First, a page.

LORD  BYRON  and  his  TIMES
Documents Biography Criticism

The “Pope” of Holland House
John Allen to John Whishart, 19 August 1814

Chapter I: 1813
Chapter II: 1814
Chapter III: 1815
Chapter IV: 1816
Chapter V: 1817
Chapter VI: 1818
Chapter VII: 1819
Chapter VIII: 1820
Chapter IX: 1821
Chapter X: 1822
Chapter XI: 1824-33
Chapter XII: 1833-35
Chapter XIII: 1806-40
Chapter XIV: Appendix
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Produced by CATH
Paris, Aug. 19, 1814.

Dear Sir,—You will be glad to hear that we have had a prosperous though slow journey, not having

1 Anne Seymour Damer, 1749-1828, sculptress, daughter of Field-Marshal Conway. She renounced her claim to Lord Clinton’s estate, to which by law she was entitled.

arrived here till the 10th. One day we were forced to sleep at Abbeville, and half a day at Breteuil; and after our arrival here
Lady Holland was obliged to remain two days at home in order to recover from the fatigues of her journey. But she is now quite re-established, and about the middle of next week I hope we shall begin our journey to Geneva.

Paris, as one had heard from all quarters, has certainly been much embellished by Buonaparte, though, unfortunately, much of what he had begun is not entirely finished, and considering the character of his successors it is doubtful whether they will have spirit and perseverance to execute the magnificent plan which he had formed, and in part accomplished. There is a strong feeling of regret and attachment towards him among the soldiery, but it does not seem to extend to persons of a better condition, and from the accounts of many of his warmest partisans it is clear that long before he had ceased to reign he had acquired all the faults inseparable from the exercise of despotic authority. Success and adulation had completely turned his head. He could not bear the slightest opposition to his will. He consulted with none but those who approved all his plans. He had such an overweening conceit of his own powers that when he had resolved on anything he imagined that every difficulty must give way before him, and that his mere will was sufficient to overcome every obstacle. The last campaign in Germany had worn out his constitution. From the time of his return to France he was in a state of affaisement physique. He ate, drank, and slept, and talked of what was to be done and of what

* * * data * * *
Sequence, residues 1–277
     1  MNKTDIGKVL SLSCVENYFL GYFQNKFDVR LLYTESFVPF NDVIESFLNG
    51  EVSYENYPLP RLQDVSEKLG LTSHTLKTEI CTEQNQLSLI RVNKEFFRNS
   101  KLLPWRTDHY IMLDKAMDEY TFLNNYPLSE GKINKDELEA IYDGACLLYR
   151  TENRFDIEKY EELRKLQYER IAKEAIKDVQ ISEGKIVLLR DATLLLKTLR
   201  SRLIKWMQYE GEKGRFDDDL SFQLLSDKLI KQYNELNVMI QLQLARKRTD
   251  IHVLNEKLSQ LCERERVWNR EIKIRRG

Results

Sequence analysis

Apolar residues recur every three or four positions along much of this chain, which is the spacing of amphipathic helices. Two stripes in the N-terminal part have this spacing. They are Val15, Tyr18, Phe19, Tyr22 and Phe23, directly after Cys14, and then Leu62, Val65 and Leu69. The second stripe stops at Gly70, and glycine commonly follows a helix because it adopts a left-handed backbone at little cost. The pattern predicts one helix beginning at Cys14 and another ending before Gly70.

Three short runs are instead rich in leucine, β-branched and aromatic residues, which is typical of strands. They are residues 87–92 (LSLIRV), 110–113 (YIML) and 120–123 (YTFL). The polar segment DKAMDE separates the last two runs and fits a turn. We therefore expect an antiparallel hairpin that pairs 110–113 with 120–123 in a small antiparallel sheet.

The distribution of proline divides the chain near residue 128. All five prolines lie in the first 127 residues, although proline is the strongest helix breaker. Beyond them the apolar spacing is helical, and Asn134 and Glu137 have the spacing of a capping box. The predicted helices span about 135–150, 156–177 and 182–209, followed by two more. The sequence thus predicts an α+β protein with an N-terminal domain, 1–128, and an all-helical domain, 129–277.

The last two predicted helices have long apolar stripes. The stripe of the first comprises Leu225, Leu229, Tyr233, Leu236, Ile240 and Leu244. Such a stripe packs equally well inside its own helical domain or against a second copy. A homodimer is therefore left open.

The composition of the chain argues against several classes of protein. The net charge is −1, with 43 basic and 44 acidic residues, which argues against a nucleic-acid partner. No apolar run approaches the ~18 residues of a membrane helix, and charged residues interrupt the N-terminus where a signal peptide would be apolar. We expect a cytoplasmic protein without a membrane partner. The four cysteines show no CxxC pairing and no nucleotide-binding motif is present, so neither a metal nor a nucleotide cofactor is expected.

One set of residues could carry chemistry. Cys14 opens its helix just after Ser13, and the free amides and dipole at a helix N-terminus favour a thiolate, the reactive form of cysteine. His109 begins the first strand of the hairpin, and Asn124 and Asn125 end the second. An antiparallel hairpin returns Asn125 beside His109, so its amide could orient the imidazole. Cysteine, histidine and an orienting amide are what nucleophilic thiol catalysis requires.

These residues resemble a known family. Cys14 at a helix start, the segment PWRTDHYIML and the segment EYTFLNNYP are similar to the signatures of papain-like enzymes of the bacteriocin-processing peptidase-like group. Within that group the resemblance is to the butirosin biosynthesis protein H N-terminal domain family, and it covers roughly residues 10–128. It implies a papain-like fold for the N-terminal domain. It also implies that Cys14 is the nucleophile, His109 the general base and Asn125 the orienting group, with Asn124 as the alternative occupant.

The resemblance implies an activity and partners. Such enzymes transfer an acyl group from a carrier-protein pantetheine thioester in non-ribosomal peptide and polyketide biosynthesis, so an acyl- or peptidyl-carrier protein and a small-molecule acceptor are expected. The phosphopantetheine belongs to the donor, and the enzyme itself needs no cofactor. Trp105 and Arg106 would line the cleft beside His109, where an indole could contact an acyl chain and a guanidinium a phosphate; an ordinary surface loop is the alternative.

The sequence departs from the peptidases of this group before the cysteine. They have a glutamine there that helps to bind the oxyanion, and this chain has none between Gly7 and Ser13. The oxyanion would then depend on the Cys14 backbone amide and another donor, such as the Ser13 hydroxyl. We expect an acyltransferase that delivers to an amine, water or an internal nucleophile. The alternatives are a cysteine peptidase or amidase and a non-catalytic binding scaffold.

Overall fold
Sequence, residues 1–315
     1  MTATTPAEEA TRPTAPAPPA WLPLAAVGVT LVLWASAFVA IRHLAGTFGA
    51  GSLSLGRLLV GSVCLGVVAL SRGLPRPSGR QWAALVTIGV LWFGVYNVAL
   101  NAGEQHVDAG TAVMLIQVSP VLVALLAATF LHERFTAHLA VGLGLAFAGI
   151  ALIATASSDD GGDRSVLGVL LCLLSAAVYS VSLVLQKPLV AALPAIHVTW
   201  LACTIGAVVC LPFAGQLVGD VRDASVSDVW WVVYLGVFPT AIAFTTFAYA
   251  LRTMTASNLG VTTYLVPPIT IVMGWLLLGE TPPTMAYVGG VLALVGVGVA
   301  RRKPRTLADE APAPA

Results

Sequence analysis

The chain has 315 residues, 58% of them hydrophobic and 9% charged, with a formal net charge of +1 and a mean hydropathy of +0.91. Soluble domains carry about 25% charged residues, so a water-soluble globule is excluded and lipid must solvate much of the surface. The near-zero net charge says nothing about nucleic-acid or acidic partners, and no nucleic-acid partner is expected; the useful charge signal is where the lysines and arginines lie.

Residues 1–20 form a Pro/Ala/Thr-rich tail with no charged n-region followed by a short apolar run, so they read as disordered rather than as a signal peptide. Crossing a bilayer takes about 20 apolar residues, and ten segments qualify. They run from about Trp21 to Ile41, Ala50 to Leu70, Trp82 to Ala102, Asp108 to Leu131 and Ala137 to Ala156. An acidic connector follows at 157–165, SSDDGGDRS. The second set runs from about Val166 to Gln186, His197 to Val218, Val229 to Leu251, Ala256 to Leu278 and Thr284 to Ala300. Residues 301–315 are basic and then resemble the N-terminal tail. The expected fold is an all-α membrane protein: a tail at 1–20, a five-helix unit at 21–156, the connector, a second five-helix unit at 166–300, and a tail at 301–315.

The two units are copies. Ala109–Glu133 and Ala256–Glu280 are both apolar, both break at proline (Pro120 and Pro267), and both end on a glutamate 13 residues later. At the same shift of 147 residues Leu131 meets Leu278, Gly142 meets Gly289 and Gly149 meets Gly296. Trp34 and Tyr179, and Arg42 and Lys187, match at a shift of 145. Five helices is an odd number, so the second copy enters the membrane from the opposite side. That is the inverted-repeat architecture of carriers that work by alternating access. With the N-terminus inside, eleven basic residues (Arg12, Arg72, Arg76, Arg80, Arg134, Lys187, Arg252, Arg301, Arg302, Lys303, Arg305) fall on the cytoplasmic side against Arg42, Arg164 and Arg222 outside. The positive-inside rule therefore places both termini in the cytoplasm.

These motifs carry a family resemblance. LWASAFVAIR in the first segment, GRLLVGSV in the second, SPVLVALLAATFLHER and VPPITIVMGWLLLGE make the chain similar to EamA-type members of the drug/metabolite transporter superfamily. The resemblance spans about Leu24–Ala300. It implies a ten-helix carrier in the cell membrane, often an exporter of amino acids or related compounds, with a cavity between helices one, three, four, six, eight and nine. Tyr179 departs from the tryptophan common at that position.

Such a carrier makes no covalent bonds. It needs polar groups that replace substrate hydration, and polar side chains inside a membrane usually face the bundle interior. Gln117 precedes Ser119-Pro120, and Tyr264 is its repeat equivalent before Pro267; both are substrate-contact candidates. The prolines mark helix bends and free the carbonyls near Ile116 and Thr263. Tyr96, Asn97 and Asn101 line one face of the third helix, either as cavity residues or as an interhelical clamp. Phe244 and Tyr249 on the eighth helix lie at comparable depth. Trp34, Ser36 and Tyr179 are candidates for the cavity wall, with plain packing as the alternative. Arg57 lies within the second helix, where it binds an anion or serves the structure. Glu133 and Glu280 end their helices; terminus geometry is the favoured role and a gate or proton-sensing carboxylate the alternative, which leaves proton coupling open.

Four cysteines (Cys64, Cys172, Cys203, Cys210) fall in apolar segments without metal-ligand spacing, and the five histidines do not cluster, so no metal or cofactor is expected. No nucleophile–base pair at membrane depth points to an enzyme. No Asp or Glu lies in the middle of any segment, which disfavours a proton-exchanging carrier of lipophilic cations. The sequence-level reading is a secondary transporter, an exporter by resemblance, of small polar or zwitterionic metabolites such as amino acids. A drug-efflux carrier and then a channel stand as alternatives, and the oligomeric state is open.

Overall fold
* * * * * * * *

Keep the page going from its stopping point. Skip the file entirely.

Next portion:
he would do; but he did nothing. He had quite lost his former activity and attention to business. When the Allies entered France they found his means of defence no further advanced than when he had crossed the Rhine. No entreaty could prevail on him to make an appeal to his people. When solicited to declare the country in danger, he replied, “Non, jamais; je ne ferais ma cour à la nation.” It was this obstinacy in his misfortunes to reject everything that had an appearance of an appeal to popular sentiment that finally alienated from him all the friends of liberty, and made them consider the restoration of the Bourbons as a smaller evil than the government of a master so deeply imbued with the maxims and feelings of despotism. At the same time he does not appear to have been cruel, and the fear he inspired seems to have proceeded rather from the outrageous violence of expression in which he frequently indulged than from positive acts of violence and severity. They who know him well say that his temper was naturally mild, and that he was overbearing, insolent, and impatient on calculation, thinking that it was in that way only mankind could be governed. But even they admit that he overacted his part, and made enemies unnecessarily by insulting those around him beyond what human nature could bear. The restoration of the Bourbons was certainly the work of
Talleyrand. There was no party for them at Paris except a few émigrés who owed their restoration to their country to Buonaparte’s clemency. The Emperor of Russia was himself undetermined what to do when he entered Paris.

The Slave Trade